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  • Writer's pictureTom Moyer

Final week!

It's the last week of the session. The appropriations bill will be the top priority for the week. The last committee hearings will be on Tuesday, and the session ends on Friday. Many bills will speed through the process this week and some will not make it through in time. You can see the current status of all the bills we are following on our legislative tracker. You can look up your district and contact information for your representative here.


Trade resolution success!


The big news of the week was the passage of Tyler Clancy's HR005 - House Resolution Regarding the Trade Policies of the United States. Our biggest contribution was to keep quiet about it, but Rep. Clancy and our friends from Young Conservatives for Carbon Dividends did a great job. You can watch their committee testimonies here. The resolution passed unanimously on the House floor, 71-0. As a House resolution, it does not go to the Senate for a vote or to the Governor for his signature. The resolution does nothing on its own, but it's extremely helpful in building support for the idea that there is a value to reducing greenhouse emissions.


NOW, THEREFORE, BE IT RESOLVED that the House of Representatives of the state of Utah urges the United States Congress to support trade policies that hold high polluting countries like China and Russia accountable for pollution and bolster domestic extraction and production.


BE IT FURTHER RESOLVED that the House of Representatives promotes American economic development and the rebuilding of United States supply chains, particularly in rural communities, including by enacting policies that reward American businesses and workers for their superior environmental performance.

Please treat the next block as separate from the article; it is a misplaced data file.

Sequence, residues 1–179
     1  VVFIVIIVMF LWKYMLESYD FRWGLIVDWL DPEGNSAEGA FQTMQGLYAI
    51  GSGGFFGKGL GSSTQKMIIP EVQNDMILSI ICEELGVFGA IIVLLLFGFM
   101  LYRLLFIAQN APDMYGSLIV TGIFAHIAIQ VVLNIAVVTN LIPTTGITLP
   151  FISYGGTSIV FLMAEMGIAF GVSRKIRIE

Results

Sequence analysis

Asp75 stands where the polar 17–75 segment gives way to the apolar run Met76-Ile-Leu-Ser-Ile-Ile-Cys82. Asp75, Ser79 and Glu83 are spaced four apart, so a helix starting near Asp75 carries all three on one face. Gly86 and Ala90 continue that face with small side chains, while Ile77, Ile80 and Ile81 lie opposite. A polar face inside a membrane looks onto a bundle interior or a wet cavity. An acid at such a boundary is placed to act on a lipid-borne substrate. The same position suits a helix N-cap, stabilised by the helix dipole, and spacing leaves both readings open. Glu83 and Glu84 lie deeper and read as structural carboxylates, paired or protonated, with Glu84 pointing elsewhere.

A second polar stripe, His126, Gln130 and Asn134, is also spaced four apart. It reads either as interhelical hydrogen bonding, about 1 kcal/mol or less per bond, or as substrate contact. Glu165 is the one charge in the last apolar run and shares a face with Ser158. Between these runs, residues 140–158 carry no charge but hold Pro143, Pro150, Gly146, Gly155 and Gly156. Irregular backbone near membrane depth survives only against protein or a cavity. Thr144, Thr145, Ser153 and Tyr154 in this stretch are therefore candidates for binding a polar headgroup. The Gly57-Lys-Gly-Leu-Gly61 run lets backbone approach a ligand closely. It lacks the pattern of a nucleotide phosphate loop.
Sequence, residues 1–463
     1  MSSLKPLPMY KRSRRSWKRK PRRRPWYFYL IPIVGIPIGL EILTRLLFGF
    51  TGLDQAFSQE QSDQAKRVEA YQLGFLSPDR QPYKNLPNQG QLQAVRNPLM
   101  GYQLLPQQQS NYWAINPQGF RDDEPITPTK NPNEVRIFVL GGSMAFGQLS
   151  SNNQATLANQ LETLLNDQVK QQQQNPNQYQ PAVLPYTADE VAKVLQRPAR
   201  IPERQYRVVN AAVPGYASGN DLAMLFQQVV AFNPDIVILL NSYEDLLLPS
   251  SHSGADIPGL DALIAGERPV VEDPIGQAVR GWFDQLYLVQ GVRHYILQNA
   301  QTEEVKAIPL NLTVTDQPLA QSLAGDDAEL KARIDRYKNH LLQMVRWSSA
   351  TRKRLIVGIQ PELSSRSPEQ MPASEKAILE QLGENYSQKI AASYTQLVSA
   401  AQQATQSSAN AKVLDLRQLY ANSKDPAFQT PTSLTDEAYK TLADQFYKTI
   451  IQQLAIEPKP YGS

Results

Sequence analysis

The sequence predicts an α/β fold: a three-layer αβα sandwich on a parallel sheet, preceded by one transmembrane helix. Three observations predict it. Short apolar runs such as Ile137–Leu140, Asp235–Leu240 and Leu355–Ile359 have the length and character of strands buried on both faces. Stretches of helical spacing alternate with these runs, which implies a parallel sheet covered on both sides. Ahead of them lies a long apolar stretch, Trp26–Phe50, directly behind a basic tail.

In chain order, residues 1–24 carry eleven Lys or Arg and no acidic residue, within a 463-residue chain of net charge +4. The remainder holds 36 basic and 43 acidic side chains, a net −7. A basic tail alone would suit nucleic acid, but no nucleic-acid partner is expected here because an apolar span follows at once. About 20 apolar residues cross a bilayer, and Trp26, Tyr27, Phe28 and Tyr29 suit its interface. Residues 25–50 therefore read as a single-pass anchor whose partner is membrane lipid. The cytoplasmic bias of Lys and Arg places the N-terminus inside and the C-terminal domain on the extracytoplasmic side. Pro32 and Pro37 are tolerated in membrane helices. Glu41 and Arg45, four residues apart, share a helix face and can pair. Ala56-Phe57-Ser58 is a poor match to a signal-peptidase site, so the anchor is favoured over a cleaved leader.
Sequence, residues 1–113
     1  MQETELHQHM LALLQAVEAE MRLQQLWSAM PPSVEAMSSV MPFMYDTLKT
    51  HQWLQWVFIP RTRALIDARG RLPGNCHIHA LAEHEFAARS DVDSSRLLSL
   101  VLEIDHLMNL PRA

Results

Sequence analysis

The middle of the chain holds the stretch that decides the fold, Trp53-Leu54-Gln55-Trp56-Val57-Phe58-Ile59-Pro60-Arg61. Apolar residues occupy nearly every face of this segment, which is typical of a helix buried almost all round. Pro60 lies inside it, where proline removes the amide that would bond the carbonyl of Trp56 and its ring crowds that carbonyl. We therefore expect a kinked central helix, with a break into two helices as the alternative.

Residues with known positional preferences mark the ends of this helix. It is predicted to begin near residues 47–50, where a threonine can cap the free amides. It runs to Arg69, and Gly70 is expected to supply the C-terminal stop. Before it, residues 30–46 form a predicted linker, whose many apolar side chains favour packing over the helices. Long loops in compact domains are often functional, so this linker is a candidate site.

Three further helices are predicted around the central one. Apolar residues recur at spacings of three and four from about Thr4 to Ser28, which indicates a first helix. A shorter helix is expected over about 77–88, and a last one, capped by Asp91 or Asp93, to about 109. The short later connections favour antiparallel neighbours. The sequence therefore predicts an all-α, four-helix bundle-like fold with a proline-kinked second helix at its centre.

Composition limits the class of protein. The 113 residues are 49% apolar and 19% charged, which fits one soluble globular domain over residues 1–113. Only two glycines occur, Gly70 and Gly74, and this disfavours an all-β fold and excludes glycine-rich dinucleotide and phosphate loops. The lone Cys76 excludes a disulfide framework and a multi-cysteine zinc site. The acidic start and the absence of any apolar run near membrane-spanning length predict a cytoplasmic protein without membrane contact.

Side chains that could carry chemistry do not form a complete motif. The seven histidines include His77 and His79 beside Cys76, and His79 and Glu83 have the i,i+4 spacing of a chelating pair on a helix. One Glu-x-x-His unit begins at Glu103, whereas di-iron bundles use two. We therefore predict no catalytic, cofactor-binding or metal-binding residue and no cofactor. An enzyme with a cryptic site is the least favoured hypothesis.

Great Salt Lake progress


Most of the Great Salt Lake bills have passed with strong bipartisan support and have moved through without delay. Rep. Owens' HB011 - Water Efficient Landscaping Requirements had been an exception. It passed both the House and Senate and was then held up from a final vote by Senate leadership and looked for a while as though it was going to be killed. After negotiations, it was amended to ban only above-ground spray irrigation rather than banning all turf at government buildings, and it passed overwhelmingly. That's not much of a weakening and it's still a very good water conservation bill.


The amount of water at stake here isn't very large, but it's an important symbol. It's hard to ask others to cut back on consumptive water use if you aren't willing to do it yourself. Having state government lead the way is important for being able to take the bigger steps.


Net metering


We did an action alert to support Senator Harper's SB189 - Net Metering Energy Amendments. It passed the Senate Transportation, Public Utilities, Energy, and Technology Committee 4-2 and was then held up from coming to a vote on the Senate floor. This bill was negotiated and amended to weaken the language. The new version now only limits Rocky Mountain Power from decreasing the credit rate paid for a customer's exported power for a period of 20 years. The previous version would have raised the credit rate to be at least 84% of an average utility customer's average monthly costs.


The amended version has not been voted on yet, so it is still worthwhile to call Senators to ask them to support the bill. You can see the talking points from the action alert here.


San Rafael State Energy Lab


Part of our climate work has been to support energy communities through the ongoing energy transition, and we've built good relationships in Carbon and Emery Counties. Rep Watkins' HB410 would create a permanent funding source for the San Rafael State Energy Lab with a $2 million one-time appropriation and a $1 million a year ongoing appropriation. That lab puts valuable energy industry skills to good use, and helps that community grow and diversify an economy that won't be as dependent on the coal industry in the future. The bill has passed the House and the Senate Education Committee unanimously and now heads to the Senate floor.


CCL Mountain West Regional Conference


We are hosting CCL members and climate advocates from the entire Mountain West region at Weber State on April 6th and 7th. We are putting together a great agenda and we have Congressman Curtis, chair of the Conservative Climate Caucus, as the keynote speaker. The evening of Friday April 5th will feature energy tours of the Weber State campus to see all the great work they are doing to upgrade and electrify their buildings. Come join us at the conference! For people on this list who are not CCL members - please help us pass the word to your organizations! Registration is here.



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